Like all lovers of writing, I enjoy anything that presents the world in a fresh and different way. One of my favourite poets is Mathew Sweeney. I think I have all of his books and if he did t-shirts… For me, Sweeney confirms the notion that a story is better if you leave half of it out. I admire the cadence, the rhythm of his lines and I can hear his voice and accent when I read them; when I read Sweeney, I am him! He seems to be able to show how strange our lives are. The reader is often invited into the poems to speculate about what has happened or just wonder. Among my favourite poems are ‘A Picnic on Ice,’ ‘The Aunt I Never Met,’ and ‘The Volcano.’ These three poems deal with what is on the surface, what appears to be the truth of things; then, as the poems progress, they address how, especially over time, there may be other details at the margins of what we thought we knew. At the end of ‘The Aunt I Never Met,’ the narrator asks, “Why else did I never meet her?” Why, indeed; did all the rumour about her really capture who she was?

 

I should also say that I have learned a lot from Sweeney about how to handle narrative. He starts with action, with incident; any backstory is layered in and often the ending of the narrative is open-ended. Sweeney is adept at how to pare down the action to the essential details. The first time I met Sweeney at Lumb Bank, he remarked that writing a poem is like swimming in the Atlantic, you don’t mess about but have to jump in.

 

Where do you write? What do you do instead of writing?

 

I write anywhere I can: in the car while my wife is driving, on the train, with my classes, sitting on a blanket in the park. Over the last couple of years, I have used a notebook more to record ideas and the occasional line. Also, I have started to write in my head while walking; perhaps a strange thing to do. Of course, a few conditions need to prevail: it has to be a short poem or a short walk.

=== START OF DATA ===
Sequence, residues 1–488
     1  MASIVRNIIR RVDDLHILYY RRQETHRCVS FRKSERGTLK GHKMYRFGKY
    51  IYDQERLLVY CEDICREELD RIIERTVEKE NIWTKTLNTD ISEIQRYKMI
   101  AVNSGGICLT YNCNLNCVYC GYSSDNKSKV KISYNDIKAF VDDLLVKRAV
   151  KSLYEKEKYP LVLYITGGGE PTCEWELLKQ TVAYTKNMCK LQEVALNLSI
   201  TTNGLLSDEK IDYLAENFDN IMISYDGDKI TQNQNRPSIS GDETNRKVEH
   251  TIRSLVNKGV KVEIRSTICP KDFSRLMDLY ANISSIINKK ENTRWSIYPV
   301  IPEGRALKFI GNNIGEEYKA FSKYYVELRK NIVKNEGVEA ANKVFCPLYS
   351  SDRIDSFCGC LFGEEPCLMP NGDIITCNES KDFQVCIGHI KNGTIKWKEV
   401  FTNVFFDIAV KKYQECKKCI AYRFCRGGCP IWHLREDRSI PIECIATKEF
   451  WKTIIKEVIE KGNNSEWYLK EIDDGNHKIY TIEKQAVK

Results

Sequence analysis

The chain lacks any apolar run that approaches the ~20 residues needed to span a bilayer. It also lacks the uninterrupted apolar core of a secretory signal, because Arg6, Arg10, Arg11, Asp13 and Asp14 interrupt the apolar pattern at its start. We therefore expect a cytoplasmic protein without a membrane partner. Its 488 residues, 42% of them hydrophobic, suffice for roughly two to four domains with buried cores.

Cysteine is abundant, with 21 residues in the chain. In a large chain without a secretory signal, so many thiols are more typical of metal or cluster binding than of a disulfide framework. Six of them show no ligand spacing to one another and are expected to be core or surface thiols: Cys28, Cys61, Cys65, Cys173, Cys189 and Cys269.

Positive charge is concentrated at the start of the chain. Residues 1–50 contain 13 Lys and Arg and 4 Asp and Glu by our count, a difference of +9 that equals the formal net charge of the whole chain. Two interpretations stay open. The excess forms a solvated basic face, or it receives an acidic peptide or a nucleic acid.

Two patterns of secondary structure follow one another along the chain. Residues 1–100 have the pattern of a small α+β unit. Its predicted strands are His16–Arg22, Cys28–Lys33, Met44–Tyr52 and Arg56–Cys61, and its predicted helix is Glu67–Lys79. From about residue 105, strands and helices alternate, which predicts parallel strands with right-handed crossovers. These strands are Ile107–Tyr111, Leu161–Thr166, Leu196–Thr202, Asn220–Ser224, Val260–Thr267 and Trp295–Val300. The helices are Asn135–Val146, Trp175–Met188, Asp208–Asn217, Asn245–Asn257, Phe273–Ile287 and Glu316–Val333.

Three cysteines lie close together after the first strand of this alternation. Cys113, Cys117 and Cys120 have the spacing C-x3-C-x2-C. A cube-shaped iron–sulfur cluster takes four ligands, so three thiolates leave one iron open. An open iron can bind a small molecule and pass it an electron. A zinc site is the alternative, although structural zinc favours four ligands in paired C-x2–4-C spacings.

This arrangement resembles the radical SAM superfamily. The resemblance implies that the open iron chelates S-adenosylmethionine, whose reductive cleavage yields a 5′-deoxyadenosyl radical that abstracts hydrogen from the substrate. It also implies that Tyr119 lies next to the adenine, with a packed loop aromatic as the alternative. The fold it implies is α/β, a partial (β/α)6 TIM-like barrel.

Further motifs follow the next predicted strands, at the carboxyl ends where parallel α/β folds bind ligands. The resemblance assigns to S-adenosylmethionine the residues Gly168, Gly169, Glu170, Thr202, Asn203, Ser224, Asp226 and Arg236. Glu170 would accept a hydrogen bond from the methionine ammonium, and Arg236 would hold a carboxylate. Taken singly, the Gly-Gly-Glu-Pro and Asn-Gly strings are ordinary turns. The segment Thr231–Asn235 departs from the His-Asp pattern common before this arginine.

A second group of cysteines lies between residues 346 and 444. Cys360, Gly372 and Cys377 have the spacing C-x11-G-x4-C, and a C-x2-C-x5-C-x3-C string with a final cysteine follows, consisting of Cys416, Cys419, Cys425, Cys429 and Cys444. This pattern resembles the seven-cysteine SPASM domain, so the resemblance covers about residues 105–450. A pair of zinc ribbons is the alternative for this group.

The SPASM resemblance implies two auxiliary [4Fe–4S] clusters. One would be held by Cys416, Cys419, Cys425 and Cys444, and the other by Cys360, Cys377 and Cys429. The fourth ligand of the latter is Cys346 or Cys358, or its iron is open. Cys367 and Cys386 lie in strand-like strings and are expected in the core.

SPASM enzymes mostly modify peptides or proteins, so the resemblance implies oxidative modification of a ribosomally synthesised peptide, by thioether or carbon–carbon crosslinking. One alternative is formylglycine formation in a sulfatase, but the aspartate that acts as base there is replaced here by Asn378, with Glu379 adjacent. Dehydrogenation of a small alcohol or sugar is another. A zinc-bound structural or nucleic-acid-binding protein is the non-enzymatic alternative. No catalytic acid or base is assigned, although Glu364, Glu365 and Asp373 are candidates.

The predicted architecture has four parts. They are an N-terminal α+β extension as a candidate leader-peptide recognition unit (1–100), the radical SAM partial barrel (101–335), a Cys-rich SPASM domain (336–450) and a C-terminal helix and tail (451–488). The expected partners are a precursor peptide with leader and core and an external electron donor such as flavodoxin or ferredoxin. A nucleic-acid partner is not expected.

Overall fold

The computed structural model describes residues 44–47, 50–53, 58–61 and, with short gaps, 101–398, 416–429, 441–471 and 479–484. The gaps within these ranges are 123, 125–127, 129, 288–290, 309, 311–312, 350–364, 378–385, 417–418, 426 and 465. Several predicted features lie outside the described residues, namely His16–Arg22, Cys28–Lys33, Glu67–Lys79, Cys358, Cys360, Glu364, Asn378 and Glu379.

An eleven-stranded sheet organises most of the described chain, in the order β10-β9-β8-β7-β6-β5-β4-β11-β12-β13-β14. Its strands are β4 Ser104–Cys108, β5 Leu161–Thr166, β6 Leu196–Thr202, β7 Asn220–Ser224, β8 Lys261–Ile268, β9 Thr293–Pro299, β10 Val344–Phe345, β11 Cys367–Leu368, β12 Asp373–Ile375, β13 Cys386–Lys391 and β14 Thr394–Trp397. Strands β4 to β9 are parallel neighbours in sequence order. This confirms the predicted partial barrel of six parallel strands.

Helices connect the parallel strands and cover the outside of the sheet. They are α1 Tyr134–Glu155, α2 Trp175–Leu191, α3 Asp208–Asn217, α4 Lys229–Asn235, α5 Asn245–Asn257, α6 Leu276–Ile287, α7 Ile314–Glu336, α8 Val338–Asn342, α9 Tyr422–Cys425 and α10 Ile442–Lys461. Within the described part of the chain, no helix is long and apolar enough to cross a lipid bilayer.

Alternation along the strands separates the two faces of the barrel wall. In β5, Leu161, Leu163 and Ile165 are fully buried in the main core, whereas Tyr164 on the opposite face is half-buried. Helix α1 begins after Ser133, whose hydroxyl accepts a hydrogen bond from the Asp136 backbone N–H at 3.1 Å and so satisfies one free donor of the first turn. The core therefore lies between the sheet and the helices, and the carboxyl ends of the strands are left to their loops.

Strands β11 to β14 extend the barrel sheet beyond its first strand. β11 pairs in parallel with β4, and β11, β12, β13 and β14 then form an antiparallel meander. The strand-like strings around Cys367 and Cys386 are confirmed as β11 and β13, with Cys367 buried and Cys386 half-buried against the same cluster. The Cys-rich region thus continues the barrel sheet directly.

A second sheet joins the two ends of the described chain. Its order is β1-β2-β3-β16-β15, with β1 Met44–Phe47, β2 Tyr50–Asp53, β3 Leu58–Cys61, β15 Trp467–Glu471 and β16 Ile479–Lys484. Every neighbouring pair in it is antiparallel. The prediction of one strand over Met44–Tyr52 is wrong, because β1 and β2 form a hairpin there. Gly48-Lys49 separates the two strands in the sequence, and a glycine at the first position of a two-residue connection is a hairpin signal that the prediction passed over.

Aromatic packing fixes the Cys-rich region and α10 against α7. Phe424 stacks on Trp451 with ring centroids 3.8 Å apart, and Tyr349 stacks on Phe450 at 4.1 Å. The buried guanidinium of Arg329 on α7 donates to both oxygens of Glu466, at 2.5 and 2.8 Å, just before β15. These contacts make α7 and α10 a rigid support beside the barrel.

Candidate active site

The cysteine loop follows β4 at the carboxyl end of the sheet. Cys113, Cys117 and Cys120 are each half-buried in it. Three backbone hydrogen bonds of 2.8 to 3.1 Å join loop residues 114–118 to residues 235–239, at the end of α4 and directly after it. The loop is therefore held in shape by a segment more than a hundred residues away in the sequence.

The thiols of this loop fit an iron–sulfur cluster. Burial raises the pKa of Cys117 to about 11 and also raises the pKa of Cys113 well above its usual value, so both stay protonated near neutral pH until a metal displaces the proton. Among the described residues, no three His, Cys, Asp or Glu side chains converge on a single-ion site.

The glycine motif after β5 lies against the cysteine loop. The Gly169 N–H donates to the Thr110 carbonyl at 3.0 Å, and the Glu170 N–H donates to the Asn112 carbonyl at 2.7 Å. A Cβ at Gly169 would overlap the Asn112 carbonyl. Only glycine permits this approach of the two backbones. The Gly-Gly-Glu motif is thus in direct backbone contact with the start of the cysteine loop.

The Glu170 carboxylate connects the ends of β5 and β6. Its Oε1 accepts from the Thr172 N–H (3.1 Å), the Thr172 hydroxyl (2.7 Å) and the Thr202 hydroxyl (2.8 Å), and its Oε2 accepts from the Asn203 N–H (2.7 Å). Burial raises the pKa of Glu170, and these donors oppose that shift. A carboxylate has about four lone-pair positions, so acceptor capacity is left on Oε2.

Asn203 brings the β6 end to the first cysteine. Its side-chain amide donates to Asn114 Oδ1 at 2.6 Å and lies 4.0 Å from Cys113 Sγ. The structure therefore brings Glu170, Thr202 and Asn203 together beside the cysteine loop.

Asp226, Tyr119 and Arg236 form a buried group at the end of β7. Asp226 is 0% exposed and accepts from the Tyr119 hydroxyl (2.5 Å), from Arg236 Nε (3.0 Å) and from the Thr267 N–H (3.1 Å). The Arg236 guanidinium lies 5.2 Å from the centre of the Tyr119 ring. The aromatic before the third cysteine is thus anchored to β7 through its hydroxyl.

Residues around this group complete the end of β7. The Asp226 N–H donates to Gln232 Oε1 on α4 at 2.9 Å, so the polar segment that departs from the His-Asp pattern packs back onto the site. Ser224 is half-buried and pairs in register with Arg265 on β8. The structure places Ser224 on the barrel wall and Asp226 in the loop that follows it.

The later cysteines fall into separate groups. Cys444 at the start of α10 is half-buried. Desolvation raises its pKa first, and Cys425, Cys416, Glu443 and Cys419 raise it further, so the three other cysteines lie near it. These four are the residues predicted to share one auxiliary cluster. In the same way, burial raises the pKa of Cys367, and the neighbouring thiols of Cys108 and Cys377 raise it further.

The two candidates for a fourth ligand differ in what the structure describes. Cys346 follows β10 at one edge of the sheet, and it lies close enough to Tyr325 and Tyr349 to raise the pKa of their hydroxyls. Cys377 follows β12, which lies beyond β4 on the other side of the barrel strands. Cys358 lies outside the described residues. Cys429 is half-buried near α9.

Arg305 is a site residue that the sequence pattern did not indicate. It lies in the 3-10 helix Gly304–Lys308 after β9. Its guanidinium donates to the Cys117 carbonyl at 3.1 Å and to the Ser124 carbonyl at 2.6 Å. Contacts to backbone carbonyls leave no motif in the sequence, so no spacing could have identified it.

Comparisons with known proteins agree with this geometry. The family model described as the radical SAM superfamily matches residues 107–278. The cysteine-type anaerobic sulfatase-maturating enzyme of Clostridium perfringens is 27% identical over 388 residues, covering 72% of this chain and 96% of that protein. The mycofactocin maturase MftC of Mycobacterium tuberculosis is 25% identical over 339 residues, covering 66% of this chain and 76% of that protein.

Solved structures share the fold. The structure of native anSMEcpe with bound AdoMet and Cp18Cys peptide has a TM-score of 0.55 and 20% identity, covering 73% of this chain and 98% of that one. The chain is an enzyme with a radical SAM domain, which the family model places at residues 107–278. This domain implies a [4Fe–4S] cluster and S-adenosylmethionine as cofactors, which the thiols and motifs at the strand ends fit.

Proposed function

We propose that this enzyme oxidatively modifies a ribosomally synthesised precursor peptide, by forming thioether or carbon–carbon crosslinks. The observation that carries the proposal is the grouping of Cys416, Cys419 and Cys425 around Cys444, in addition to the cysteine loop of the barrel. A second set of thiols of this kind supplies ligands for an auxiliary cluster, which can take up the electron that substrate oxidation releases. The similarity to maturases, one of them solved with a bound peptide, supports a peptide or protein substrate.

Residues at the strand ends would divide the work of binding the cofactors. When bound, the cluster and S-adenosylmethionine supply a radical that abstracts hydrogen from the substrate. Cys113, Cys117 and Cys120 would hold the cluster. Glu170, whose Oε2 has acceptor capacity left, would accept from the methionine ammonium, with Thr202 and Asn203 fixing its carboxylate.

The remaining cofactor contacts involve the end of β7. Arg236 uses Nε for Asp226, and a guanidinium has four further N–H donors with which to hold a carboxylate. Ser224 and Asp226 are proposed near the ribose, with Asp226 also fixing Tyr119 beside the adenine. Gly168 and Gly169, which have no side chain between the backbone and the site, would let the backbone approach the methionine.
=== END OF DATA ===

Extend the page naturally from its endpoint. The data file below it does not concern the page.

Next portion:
When I am not writing, I enjoy running and walking—there are many great places to visit in the north. Fridays is staff football. Centre-half, number four, over four hundred caps. We have our names on our shirts. I also go to the pub on Sunday with my teenage son and we watch Arsenal play, speculating endlessly about whether Ramsey should play on the right, and such things!

 

On The Basics  (2001) 

 

My only collection was The Basics (Redbeck Press, 2001). It is a difficult thing to put together a book of poetry. A fair analogy is comparing it to an album of music; you need to select the areas of concern, the order, the type of ending that best reflects your intentions. Sometimes, I have expected too much of the reader, to ponder the relationship between one poem and another, what they have to say to each other. Probably most readers dip into poetry books and don’t read them start to end. As a result, I have gone for a more transparent approach in Swimming with Jellyfish. That said, I hope the book takes the reader on a journey and moves through different areas of experience and language use.

 

What are you currently working on?

 

I am currently working on anything that comes my way. To some extent, I think it is true that the poems choose you, rather than the other way around. I am aware that some of my poems may be based in the domestic; that noted, I think how you get through the day is a political question, though that may sound like I am overstating things. I am also trying to get more references to Arsenal in my work so that they will make me their poet in residence—you can only dream!